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Nagios offers open source option for network monitoring

IT shops using HP or BMC monitoring tools might want to take Nagios for a test-drive. "Pro Nagios 2.0" author James Turnbull explains why.

Large IT shops using HP OpenView or BMC Patrol may now have an open source alternative. Nagios is a Linux-based host, service and network monitoring program that is starting to attract attention because of its quick configuration and easy maintenance.

Be wouldn't it be tough for IT managers sell higher-ups on the virtues on a open source monitoring tool? It might be worth the effort, said James Turnbull, author of Pro Nagio 2.0. Turnbull spoke recently with Assistant Editor MiMi Yeh about how Nagios is different from its counterparts in the commercial world and why IT shops should give it a chance.

What sets Nagios apart from other open source network monitoring tools like Big Brother, OpenNMS, OpenView and SysMon?

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James Turnbull: I think there are three key reasons why Nagios is superior to many other products in this area -- ease of use, extensibility and community. Getting a Nagios server up and running generally only takes a few minutes. Nagios is also easily integrated and extended either by being able to receive data from other applications or sending data to reporting engines or other tools. Lastly, Nagios has excellent documentation backed up with a great community of users who are helpful, friendly and knowledgeable. All these factors make Nagios a good choice for enterprise management in small, medium and even large enterprises.

Why shouldn't you run Nagios as the root user?

Turnbull: Running any process that doesn't need it as the root user is poor security. It's better to create a user and group to run Nagios with to reduce the chance that a compromise of Nagios would compromise the root user.

Why is it important to have Nagios check the external command file every 30 seconds? Isn't that excessive?

Turnbull: Checking the external command file can take place as frequently as required. The external command file holds commands and checks data [often from remote hosts or other tools that you have integrated with Nagios]. So the sooner Nagios retrieves and processes this information the sooner the information is displayed and potentially alerted on in Nagios.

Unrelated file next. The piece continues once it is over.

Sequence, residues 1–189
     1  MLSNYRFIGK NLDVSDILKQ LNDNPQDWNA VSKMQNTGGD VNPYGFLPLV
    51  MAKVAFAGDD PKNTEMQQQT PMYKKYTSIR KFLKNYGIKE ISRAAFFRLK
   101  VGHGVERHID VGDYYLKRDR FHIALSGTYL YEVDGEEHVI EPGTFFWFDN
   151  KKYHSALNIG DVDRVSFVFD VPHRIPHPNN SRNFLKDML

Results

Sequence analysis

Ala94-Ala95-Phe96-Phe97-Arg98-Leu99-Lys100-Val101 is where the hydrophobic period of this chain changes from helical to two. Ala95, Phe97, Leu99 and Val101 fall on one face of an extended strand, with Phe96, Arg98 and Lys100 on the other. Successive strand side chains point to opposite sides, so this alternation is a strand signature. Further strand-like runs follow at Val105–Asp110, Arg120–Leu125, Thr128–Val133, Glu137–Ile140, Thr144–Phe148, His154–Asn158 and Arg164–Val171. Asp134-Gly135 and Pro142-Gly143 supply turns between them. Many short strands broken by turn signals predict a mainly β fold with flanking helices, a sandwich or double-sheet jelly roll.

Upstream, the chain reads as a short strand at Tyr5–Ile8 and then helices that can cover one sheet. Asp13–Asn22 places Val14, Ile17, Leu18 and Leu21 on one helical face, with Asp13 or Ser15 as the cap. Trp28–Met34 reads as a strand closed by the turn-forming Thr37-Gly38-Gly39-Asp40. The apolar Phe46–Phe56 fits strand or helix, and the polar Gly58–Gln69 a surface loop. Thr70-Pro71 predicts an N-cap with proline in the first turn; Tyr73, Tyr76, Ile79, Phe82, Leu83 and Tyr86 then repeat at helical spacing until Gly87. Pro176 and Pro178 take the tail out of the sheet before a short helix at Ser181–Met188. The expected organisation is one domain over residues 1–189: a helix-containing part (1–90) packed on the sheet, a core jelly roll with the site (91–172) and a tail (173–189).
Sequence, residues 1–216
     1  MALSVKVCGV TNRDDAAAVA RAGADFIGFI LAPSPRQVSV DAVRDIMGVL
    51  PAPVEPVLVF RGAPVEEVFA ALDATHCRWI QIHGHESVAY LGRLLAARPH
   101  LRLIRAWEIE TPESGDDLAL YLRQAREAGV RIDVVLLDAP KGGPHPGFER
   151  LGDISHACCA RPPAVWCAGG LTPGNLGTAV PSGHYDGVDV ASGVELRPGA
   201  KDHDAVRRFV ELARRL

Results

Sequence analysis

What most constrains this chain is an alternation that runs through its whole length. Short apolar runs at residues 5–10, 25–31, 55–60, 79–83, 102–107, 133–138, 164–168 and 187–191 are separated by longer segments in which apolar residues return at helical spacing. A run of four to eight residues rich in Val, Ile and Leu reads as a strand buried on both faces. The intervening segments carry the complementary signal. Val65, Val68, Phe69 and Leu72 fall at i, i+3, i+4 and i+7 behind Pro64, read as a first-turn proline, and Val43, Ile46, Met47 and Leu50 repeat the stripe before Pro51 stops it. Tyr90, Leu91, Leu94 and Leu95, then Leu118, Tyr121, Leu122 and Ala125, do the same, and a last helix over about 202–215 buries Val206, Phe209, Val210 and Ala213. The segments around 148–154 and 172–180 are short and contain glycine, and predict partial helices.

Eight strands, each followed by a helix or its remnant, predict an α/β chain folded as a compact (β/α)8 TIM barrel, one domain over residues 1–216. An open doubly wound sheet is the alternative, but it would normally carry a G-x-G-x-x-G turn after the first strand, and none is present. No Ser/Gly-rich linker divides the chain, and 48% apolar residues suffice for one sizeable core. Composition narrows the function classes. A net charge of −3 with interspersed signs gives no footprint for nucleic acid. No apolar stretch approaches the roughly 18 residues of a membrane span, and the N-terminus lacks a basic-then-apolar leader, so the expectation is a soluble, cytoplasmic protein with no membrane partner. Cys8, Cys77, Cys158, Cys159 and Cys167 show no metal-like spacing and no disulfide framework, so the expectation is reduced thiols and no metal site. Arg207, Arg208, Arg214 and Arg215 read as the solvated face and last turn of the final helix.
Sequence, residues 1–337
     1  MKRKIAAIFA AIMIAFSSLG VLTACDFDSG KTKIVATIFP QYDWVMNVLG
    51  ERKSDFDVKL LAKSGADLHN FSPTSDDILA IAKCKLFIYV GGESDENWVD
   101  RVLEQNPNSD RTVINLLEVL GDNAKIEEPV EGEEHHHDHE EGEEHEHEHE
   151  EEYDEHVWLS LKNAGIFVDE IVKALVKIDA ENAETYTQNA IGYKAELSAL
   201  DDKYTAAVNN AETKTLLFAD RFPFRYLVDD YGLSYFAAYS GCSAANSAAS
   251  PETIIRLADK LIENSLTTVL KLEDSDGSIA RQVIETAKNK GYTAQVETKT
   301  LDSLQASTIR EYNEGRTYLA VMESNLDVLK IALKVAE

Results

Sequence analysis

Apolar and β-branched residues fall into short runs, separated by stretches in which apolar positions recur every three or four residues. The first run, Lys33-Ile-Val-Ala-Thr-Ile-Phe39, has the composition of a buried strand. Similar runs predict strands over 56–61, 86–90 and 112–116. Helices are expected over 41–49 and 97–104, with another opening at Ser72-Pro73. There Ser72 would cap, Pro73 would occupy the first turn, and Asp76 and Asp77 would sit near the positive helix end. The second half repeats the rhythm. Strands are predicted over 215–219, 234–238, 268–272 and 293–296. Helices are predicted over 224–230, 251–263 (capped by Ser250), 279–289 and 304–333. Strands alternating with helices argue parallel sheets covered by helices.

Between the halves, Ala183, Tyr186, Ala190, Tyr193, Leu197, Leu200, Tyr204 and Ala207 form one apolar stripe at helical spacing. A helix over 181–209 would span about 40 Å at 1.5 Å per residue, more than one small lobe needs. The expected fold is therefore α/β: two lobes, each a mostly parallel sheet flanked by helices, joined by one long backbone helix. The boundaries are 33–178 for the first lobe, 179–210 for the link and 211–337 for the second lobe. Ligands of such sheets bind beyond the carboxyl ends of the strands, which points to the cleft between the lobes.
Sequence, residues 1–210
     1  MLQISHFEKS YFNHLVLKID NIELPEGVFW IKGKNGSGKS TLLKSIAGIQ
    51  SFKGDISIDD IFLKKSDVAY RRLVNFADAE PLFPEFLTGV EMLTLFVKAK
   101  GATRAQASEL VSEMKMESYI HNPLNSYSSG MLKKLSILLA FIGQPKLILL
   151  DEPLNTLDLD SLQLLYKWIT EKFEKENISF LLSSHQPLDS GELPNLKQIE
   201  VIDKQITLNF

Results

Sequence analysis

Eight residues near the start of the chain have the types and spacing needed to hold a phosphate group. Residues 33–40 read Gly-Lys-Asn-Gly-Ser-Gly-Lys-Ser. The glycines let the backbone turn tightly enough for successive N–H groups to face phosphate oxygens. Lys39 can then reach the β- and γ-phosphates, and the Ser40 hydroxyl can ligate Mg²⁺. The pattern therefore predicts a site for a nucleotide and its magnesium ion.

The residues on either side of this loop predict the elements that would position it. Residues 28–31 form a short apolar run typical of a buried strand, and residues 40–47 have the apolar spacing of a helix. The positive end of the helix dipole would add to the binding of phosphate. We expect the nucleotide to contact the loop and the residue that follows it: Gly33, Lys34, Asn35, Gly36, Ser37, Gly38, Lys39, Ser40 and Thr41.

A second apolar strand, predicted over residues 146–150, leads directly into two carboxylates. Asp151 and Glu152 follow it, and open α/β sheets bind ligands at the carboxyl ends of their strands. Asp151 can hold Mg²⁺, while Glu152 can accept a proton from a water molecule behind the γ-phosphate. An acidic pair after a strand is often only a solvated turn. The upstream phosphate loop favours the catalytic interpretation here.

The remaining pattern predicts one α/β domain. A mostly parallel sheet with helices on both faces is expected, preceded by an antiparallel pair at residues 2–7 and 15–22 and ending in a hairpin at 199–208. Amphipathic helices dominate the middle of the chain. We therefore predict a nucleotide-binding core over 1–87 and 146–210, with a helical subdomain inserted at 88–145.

What tips, best practices and gotchas can you offer to sys admins working with Nagios?

Turnbull: I guess the best recommendation I can give is read the documentation. The other thing is to ask for help from the community -- don't be afraid to ask what you think are dumb questions on Wikis, Web sites, forums or mailing lists. Just remember the golden rule of asking questions on the Internet -- provide all the information you can and carefully explain what you want to know.

Are there workarounds to address the complaint that Nagios has no individual IP addresses for each host and service must be defined?

Turnbull: I think a lot of the 'automated' discovery tools are actually more of a hindrance than a help. One of the big flaws of enterprise monitoring is monitoring without context. It's all well and good to go out across the network and detect all your hosts and add them to the monitoring environment, but what do all these devices do?

You need to understand exactly what you are monitoring and why. When something you are monitoring fails, you not only know what that device is but what the implications of that failure are. Nagios is not a business context/business process tool. The fact that you have to think clearly about what you want to monitor and how means that you are more aware of your environment and the components that make up that environment.

Is there any advice you would give to users?

Turnbull: The key thing to say to new users is to try it out. All you need is a spare server and a few hours and you can configure and experiment with Nagios. Take a few problems areas you've had with monitoring and see if you can solve them with Nagios. I think you'll be pleasantly surprised.

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